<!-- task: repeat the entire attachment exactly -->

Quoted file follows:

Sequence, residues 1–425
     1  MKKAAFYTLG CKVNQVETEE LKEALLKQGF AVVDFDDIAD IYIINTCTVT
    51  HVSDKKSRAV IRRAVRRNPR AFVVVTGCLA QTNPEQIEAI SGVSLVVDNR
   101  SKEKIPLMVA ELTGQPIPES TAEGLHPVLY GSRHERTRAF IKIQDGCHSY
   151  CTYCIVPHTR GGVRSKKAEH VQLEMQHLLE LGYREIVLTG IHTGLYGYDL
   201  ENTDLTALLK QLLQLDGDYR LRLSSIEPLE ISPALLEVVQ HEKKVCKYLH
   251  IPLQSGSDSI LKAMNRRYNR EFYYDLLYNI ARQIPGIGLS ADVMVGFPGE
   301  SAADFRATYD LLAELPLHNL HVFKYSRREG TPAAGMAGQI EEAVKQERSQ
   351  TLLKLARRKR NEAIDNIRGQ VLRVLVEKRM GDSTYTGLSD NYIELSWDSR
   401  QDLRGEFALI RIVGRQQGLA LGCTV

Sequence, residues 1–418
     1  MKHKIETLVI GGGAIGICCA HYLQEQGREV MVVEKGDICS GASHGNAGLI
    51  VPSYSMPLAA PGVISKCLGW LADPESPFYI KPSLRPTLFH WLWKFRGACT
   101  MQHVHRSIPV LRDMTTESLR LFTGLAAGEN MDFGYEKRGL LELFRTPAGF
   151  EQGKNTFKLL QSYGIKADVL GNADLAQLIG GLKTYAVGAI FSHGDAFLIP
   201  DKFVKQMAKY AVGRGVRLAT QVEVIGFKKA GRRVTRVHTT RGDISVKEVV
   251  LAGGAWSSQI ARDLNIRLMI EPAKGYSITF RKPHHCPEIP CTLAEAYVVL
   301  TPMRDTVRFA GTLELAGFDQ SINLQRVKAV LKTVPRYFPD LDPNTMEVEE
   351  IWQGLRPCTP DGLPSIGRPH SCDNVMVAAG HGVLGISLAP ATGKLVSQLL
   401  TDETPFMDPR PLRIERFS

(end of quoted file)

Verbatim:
Sequence, residues 1–425
     1  MKKAAFYTLG CKVNQVETEE LKEALLKQGF AVVDFDDIAD IYIINTCTVT
    51  HVSDKKSRAV IRRAVRRNPR AFVVVTGCLA QTNPEQIEAI SGVSLVVDNR
   101  SKEKIPLMVA ELTGQPIPES TAEGLHPVLY GSRHERTRAF IKIQDGCHSY
   151  CTYCIVPHTR GGVRSKKAEH VQLEMQHLLE LGYREIVLTG IHTGLYGYDL
   201  ENTDLTALLK QLLQLDGDYR LRLSSIEPLE ISPALLEVVQ HEKKVCKYLH
   251  IPLQSGSDSI LKAMNRRYNR EFYYDLLYNI ARQIPGIGLS ADVMVGFPGE
   301  SAADFRATYD LLAELPLHNL HVFKYSRREG TPAAGMAGQI EEAVKQERSQ
   351  TLLKLARRKR NEAIDNIRGQ VLRVLVEKRM GDSTYTGLSD NYIELSWDSR
   401  QDLRGEFALI RIVGRQQGLA LGCTV

Sequence, residues 1–418
     1  MKHKIETLVI GGGAIGICCA HYLQEQGREV MVVEKGDICS GASHGNAGLI
    51  VPSYSMPLAA PGVISKCLGW LADPESPFYI KPSLRPTLFH WLWKFRGACT
   101  MQHVHRSIPV LRDMTTESLR LFTGLAAGEN MDFGYEKRGL LELFRTPAGF
   151  EQGKNTFKLL QSYGIKADVL GNADLAQLIG GLKTYAVGAI FSHGDAFLIP
   201  DKFVKQMAKY AVGRGVRLAT QVEVIGFKKA GRRVTRVHTT RGDISVKEVV
   251  LAGGAWSSQI ARDLNIRLMI EPAKGYSITF RKPHHCPEIP CTLAEAYVVL
   301  TPMRDTVRFA GTLELAGFDQ SINLQRVKAV LKTVPRYFPD LDPNTMEVEE
   351  IWQGLRPCTP DGLPSIGRPH SCDNVMVAAG HGVLGISLAP ATGKLVSQLL
   401  TDETPFMDPR PLRIERFS